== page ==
Thursday, September 29, 2016

feeding along the way

In my last post I wrote about my love/hate relationship with professional travel. This time it was all love, and I’m so grateful. This particular conference felt like it was a stepping stone along the path of some of the new things that are happening during this season (that transition/transformation I wrote about a little while back). These kinds of experiences are true grace, a breeze at your back, a gentle nudge to continue in the same direction.

So, a list of highlights, if you’re interested…

City of Bridges // Running in new cities is always a highlight, especially when that city has some water running through it. Pittsburgh has lots of it – three rivers, with more than 400 bridges crossing them at various points. (Did you know it’s the American city with the most bridges? I didn’t.) The first morning I left my hotel just as the sky was beginning to brighten and followed a haphazard loop over all three rivers, stopping for lots of photos. The second morning, I crossed the Rachel Carson Bridge (so cool there's a bridge named after this author) and ran along the Three Rivers Heritage Trail, a concrete path bordered by green overgrowth and yellow wild flowers, with a river just beyond. It was pure Pennsylvania and made my heart so happy. (I didn’t realize how much Pittsburgh would feel like home…)

Medicine, mission, mercy // Remember those uninspiring keynotes I referenced? Not at this conference. The second morning was my favorite. Dr. Jim Withers shared his story of providing medical care to Pittsburgh’s homeless folks for decades and helping to create Street Medicine programs at medical schools around the world. The concept of mobile medical care that creates access and cultivates justice has become my heart, especially since traveling to Kenya. It was such an honor to hear him share his stories, and with such humility and passion.

The life of an artist // I made a few friends, one of whom works at the Carnegie Museums in Pittsburgh. Over dinner, I mentioned that I might visit the Andy Warhol Museum after the conference. The next morning, she found me to tell me she’d arranged for my free entry. Later that day (which was also after I’d given my presentation), I wandered the city, found some coffee, and made my way over. Warhol’s art is funky and fun, and observing the trajectory of an artist’s life is incredibly inspiring. My favorite part was the display of contents from his time capsule from the year 1984. His collection of all kinds of random paraphernalia reminded me that inspiration can come from anywhere, and being an avid collector of it can keep creativity fresh.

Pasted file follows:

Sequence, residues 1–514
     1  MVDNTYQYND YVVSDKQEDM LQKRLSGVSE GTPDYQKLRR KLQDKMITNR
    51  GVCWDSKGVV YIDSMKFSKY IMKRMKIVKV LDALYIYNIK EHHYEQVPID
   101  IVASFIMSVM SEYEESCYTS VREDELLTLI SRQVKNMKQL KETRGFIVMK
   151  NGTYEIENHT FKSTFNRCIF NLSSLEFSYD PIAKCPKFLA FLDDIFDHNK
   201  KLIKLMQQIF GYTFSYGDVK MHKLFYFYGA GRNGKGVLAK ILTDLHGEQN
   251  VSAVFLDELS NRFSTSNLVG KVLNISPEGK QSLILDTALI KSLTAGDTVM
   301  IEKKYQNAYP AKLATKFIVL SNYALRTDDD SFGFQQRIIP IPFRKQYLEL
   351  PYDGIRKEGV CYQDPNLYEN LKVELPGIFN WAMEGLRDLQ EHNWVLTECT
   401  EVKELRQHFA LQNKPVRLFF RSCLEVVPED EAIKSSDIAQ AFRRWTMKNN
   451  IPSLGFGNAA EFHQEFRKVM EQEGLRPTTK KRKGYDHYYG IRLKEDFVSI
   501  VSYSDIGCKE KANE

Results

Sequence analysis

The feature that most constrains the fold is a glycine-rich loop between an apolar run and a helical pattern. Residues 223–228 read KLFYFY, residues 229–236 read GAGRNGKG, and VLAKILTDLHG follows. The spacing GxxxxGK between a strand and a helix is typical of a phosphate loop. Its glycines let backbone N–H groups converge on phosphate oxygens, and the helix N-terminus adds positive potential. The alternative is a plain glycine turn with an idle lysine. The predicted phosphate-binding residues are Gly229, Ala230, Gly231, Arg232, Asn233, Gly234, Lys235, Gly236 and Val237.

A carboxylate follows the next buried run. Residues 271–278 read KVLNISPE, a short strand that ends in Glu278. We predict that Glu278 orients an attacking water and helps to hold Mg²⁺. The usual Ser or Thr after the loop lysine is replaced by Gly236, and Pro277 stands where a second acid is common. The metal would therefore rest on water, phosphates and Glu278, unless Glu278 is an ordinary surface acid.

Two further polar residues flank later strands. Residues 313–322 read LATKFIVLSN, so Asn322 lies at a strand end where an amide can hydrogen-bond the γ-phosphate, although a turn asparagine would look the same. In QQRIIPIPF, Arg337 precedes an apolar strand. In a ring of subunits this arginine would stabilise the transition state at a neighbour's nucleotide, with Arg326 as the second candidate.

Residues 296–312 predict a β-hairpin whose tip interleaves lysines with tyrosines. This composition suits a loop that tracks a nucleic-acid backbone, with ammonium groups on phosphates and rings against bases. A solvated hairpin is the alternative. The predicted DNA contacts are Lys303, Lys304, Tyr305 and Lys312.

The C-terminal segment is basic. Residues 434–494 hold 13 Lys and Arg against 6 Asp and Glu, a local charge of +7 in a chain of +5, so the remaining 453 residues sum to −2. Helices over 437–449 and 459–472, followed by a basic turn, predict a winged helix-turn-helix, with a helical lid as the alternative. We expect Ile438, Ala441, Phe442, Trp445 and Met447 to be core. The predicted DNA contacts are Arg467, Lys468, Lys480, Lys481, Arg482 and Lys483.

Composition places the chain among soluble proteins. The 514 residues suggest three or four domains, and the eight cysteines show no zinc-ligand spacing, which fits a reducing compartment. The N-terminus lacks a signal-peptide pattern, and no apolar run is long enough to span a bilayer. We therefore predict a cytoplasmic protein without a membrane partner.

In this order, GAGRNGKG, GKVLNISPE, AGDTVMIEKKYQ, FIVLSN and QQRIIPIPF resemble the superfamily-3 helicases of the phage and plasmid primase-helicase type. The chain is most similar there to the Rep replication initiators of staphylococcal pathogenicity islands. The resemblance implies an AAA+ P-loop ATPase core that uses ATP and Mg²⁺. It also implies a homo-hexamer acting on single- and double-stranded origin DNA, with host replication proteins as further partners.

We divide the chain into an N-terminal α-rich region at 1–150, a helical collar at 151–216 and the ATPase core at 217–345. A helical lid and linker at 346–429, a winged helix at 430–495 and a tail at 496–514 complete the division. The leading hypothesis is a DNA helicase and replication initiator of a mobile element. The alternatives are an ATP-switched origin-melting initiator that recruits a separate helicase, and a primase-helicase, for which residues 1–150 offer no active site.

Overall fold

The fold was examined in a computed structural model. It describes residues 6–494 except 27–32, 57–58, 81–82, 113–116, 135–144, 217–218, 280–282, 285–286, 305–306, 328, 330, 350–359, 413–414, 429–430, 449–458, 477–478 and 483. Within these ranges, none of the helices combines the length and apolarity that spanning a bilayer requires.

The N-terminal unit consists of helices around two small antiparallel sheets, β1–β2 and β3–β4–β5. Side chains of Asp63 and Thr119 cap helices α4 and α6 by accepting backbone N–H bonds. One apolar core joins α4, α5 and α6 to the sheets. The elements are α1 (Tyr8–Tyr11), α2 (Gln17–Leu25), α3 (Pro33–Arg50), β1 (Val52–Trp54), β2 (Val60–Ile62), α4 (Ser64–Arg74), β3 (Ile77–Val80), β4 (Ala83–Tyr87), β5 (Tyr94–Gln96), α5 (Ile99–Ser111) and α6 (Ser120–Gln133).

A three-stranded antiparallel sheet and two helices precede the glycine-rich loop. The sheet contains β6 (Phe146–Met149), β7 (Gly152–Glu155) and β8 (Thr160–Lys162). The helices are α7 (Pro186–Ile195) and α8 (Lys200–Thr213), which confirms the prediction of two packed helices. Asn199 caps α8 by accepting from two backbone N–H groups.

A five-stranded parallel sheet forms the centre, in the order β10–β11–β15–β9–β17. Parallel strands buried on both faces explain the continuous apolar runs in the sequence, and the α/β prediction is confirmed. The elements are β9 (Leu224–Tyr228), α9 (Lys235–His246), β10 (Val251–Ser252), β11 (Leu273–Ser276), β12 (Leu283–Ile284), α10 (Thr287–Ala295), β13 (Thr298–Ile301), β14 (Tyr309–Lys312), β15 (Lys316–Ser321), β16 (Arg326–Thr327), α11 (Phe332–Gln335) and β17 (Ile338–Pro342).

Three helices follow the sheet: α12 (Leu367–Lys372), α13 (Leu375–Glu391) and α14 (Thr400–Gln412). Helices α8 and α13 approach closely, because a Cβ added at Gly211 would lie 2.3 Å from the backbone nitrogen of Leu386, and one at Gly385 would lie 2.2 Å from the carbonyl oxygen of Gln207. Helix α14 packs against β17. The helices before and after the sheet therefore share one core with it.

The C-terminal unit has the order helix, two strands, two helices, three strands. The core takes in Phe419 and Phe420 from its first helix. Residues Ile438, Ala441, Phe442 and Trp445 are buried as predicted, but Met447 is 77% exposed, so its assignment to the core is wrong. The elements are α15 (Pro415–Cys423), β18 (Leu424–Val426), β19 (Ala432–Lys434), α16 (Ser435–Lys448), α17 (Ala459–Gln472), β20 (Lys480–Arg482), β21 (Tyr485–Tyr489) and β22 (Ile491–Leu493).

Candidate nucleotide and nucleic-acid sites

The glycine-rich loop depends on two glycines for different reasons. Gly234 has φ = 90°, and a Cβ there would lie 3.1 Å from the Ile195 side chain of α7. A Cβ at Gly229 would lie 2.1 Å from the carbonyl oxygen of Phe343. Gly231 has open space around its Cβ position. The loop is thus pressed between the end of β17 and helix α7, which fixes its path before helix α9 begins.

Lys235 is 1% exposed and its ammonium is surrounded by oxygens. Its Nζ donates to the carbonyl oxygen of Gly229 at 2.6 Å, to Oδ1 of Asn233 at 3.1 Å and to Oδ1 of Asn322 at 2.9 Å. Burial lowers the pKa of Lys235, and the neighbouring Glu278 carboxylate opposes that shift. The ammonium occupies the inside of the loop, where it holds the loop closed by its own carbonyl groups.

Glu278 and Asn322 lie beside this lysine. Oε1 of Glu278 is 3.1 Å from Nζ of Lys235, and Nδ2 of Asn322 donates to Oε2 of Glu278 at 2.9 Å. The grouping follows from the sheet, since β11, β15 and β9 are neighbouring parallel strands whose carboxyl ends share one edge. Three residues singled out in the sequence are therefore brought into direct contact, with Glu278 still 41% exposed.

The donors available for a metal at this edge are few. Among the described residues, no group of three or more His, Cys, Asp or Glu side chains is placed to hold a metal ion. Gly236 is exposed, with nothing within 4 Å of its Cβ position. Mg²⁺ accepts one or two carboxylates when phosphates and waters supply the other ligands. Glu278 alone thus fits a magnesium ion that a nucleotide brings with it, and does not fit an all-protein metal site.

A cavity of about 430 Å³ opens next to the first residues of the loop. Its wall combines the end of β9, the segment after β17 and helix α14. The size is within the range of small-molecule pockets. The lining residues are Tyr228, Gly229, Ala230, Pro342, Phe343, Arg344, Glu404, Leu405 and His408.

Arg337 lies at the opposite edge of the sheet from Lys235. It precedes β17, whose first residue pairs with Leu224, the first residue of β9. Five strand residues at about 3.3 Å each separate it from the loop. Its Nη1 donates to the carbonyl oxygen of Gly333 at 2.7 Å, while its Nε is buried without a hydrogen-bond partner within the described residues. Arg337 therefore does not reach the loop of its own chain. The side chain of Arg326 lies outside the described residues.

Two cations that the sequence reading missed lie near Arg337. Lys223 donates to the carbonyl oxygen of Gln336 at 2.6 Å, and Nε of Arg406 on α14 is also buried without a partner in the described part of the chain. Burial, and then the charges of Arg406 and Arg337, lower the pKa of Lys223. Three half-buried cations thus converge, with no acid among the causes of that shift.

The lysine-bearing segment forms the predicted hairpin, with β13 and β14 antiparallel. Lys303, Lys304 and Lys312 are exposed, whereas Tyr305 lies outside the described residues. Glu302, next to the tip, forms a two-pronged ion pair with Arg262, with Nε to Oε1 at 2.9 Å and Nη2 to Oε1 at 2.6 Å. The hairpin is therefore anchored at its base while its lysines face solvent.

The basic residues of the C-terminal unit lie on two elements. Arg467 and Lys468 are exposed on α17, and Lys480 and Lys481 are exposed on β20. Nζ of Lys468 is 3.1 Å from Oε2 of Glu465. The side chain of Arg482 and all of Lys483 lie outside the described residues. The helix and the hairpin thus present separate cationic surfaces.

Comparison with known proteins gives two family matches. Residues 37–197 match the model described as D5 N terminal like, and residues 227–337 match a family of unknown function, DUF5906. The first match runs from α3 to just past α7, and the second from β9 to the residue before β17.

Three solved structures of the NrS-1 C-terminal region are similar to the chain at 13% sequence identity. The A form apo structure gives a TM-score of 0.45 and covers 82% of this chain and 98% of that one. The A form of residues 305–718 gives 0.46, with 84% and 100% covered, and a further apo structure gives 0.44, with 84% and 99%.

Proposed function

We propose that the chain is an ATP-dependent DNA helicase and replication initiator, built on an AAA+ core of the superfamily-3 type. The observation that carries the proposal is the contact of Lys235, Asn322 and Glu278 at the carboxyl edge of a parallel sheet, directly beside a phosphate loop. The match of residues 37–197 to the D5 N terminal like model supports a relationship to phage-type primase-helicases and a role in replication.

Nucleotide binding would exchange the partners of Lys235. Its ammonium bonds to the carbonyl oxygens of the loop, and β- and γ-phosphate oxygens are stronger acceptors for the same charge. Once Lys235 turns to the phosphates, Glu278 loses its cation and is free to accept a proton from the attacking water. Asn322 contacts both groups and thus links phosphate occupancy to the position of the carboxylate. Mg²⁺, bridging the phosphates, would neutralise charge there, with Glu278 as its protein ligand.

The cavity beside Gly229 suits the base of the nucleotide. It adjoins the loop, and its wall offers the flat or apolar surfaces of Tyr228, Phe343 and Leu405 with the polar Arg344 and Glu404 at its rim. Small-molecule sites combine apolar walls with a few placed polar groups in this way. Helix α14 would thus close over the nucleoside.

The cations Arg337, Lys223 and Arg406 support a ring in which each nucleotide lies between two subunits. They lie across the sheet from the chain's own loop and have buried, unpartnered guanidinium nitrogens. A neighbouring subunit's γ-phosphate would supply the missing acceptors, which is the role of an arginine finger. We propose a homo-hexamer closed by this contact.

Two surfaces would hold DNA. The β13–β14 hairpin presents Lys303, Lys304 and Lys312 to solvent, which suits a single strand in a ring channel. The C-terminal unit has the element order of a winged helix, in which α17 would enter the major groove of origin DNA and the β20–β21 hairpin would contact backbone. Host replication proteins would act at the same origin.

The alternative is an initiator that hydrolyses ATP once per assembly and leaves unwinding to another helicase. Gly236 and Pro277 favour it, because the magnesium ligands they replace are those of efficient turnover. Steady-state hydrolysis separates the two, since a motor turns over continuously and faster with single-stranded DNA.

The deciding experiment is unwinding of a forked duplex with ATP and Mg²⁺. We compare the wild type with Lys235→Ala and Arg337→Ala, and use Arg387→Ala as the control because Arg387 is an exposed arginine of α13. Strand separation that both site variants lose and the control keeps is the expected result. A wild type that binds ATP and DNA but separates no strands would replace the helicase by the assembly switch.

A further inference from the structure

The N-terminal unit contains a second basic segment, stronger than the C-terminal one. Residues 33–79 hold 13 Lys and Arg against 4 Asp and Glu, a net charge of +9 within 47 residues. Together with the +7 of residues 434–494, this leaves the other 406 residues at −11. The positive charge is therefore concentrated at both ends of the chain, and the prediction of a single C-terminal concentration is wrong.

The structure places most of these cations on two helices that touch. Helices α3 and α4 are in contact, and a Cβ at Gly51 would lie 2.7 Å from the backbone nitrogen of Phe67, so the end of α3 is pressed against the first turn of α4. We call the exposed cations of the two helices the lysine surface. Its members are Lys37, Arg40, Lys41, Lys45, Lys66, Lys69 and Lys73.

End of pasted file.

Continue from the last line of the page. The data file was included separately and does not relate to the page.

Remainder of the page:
Something you said…” // After I presented on the last morning of the conference, several people came up to talk to me afterwards. One woman introduced herself, then started her comments on my presentation with this phrase. It stuck with me because this year has in some ways been one of strengthening my voice. My dream is to hear this over and over – that the things I say have impact, stir something in people, inspire change and vision. Years ago I often found myself afraid to speak, and when I first started this job I wasn’t thinking I’d one day be one who teaches and encourages others, especially by the room-full. It’s one of those dreams I never thought to dream, but the One who knows our truest, deepest desires knows how to bring those about, and how to keep directing our hearts beyond those things to eternity.

I could write more – of really good coffee and chatting with the same barista each day, of great food, of an inspiring session on diversity that was a helpful way to process some of the violence erupting on the streets of cities across our country, of a man who passed me on the street and told me I looked like Taylor Swift (ok, his sanity was questionable but I’m thinking this was one of his lucid moments?). There was just so much. 

There’s a verse in Isaiah that speaks of the people of God feeding along the way and finding provision in places they thought barren -- reminders of God’s goodness and restoration as they make their way to their true home, the City of God. And it’s these seemingly little or mundane things that I think Isaiah might be referring to. They aren’t the thing to shoot for, but they signal to us that God knows our truest desires and has put eternity in our hearts. They bring joy, but what’s better is that they keep us along the path to the One who holds our hearts and is the ultimate thing (relationship/beauty/wonder) we yearn for.

(photo: fort duquesne bridge at the beginning of morning run)

Wednesday, September 14, 2016

literary, lately: travel edition

I have a love/hate relationship with professional conferences. Love: travel to new places, eating out on someone else's dime, staying in hotels (I love a clean bathroom, especially when I'm not the one cleaning it). Hate: spending all day in over-chilled rooms with no windows, uninspiring keynote speakers, networking (i.e. an introvert's hell).

I'm thinking about this because it's happening next week, I'm going to a new city, getting up in front of a lot of people to talk about writing (simultaneously my most exhilarating dream and worst nightmare), and hopefully getting lots of reading done on the flights there and back -- among other things. Here are a few links that are getting me excited about traveling, writing, reading and everything in between.

Listen to what makes your hair stand on end, your heart melt, and your eyes go wide, what stops you in your tracks and makes you want to live, wherever it comes from, and hope that your writing can do all those things for other people. A writing manifesto, in the form of ten tips. Maybe I'll scrap my presentation and just read this to the audience?